Bike camera and safety light maker Cycliq has signed up Australia’s only Tour De France winner, Cadel Evans, on a sponsorship deal.

Shareholders responded like they were competing in Le Tour’s time trial — pushing up shares 10 per cent on Monday to 1.8c.

The retired four-time Olympian, who took out Le Tour’s yellow jacket in 2011, will put his name behind Cycliq’s (ASX:CYQ) range of hybrid light and camera products in a series of videos.

“Road safety is an issue that I am passionate about and I am pleased to be working with this innovative Australian company that is making it safer for cyclists on the road,” Mr Evans said.

Cycliq makes dash cams for bicycles — lights with in-built wide-angle cameras to capture accidents or other incidents.

The devices feature battery life long enough to record an entire Tour de France stage in HD.

Chief executive Chris Singleton told Stockhead Mr Evans had approached the company about a sponsorship deal.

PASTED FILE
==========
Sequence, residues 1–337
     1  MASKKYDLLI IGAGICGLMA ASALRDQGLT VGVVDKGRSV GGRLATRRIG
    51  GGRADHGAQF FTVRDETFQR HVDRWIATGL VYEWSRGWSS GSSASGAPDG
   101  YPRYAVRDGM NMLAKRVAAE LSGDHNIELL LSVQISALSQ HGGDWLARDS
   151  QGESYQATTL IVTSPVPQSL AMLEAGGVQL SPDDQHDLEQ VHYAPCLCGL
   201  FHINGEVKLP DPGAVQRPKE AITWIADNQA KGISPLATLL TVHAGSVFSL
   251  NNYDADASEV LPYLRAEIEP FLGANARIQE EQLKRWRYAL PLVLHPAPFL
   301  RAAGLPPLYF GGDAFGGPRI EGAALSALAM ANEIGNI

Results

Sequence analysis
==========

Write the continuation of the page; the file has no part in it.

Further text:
“Cadel is a big advocate for safety and our message of safety on board really resonated with him,” Mr Singleton said. “He approached us which was pretty neat.”

They hope to tap into Evans’ thousands of social media followers, as part of a marketing strategy focussed on sponsorship.

Cycliq's share price over the past year. Source:
Cycliq’s share price over the past year. Source:

Earlier this year, they signed young Aussie cyclist Caleb Ewan as a brand ambassador, a move that Mr Singleton said was already showing benefits in the Korean market.

“We want to align ourselves with people who share our message – we’re more than just about having a bunch of super sportsmen clad in lycra, its more about keeping them safe in what they are doing when they are training and in their day-to-day,” he said.

New ‘connected edition’ products are expected later this month, touted as ‘smaller, lighter, sharper and brighter’ than the previous.

They say the new range will mark the evolution from crowdfunded start-up to producer of consumer electronics.

Cycliq reported $756,000 in sales for the September quarter, and burned $1.2 million — leaving just over $2 million in the kitty.

The camera-maker expected to spend $2.9 million this quarter.